Financial advisory boss Ivan Massow launched his bid to become the Tory candidate for the election of Mayor or London in 2016 with an article in the Evening Standard.
Tax for tourists, spending for Londoners?
Unfortunately, his flagship policy appears to be a commitment to increase tax and spending:
"As Mayor I also want to create a sense of citizenship in the capital and roll out a new Londoners’ Card — available, free of charge, to all who live and work here. It is a card that will come with an array of benefits paid for by new levies on tourism, a city tax, for example as they have in Barcelona and Rome, and a museums charge, so that those five million tourists a year help support our city. These Londoners’ Cards will be all-in-one smart cards — incorporating your Oyster travel card, for example — and will come with benefits specific to Londoners, including free access to museums and events."
Lots of freebies for Londoners paid for by all the tourists who visit the city in a tax on, presumably, the hotel rooms they stay in. Surely something Londoners should vote for? Not quite.
Raising prices affects sales volumes
Unfortunately, as the graph below illustrates, the effect of this tax will be a reduced supply of hotel rooms, as they become less profitable at the same price leading operators to increase prices to recoup some of the difference. This in turn would lead to fewer bookings. The dashed lines represent the supply curve and equilibrium before a tax and the solid lines represent the curve after a tax.
As you can see, it's not just tourists who would bear the brunt of the tax. Some will end up being paid for by the hotels. On the graph, the share is indicated by the length of the vertical section of the 'taxed equilibrium' (dashed red) line between where it intersects the 'supply' line (green) and the 'taxed supply' line (dashed green). The proportion of it over the old equilibrium price is paid for by the consumers (ie, the tourists), indicating the new higher price level. But the proportion of it that continues down below the old equilibrium price (the solid horizontal red line) to where it intersects with the old supply line (the solid green one) illustrates the proportion that is paid for by the suppliers (ie, the hotels) because they can't pass all of the tax onto their customers. And it wouldn't just be the owners, either. A tourist tax would reduce demand for hotel staff, leading to unemployment and downward pressure on wages.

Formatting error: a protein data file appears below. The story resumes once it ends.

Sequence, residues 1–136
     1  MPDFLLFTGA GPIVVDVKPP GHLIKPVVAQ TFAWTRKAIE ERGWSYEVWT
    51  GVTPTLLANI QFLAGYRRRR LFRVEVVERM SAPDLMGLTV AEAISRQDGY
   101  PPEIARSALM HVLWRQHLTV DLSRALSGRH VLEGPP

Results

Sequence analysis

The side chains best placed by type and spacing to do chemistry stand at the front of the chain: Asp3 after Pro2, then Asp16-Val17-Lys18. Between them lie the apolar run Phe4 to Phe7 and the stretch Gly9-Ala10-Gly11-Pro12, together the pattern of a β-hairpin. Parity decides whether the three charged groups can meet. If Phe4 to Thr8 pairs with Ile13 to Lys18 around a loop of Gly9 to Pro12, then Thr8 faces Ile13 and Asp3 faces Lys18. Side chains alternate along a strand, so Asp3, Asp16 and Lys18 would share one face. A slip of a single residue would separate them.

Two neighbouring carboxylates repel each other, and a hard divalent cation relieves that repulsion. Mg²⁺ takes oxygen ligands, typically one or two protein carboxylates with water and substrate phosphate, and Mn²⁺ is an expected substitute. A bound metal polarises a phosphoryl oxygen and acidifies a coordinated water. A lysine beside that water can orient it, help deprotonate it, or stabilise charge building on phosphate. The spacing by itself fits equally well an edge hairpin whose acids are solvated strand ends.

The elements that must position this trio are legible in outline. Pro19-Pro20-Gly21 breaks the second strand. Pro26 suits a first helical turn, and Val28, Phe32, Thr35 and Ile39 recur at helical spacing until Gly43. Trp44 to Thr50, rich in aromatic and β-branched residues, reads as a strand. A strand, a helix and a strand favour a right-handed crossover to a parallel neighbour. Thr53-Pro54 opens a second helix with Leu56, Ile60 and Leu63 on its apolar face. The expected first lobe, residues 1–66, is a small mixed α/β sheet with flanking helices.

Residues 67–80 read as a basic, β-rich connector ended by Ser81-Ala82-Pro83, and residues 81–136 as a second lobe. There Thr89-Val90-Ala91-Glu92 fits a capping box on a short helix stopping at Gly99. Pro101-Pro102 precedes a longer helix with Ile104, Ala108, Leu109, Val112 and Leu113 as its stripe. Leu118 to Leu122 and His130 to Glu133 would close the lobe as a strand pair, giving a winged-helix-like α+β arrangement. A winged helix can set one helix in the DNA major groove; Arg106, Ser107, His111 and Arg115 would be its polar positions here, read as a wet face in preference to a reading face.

And hotel prices are especially hard to raise
It gets worse. The supply of hotel rooms isn't terribly 'responsive'. New hotels can open to react to demand, and existing ones can expand or contract or even close. But such moves are expensive and not taken lightly. On the other hand, tourists are very mobile. They can easily choose alternative destinations to spend their time and money, so prices have a disproportionate effect on their numbers. This is represented in the steeper supply curve and the flatter demand curve in the graph below.
As you can see, with these supply and demand curves, a tax has relatively little effect on the price level, meaning the suppliers bear most of the burden, not buyers.
A hotel tax just isn't the free lunch for Londoners that it might at first seem
It wouldn't be tourists who would pay for Mr Massow's tax, it would be Londoners.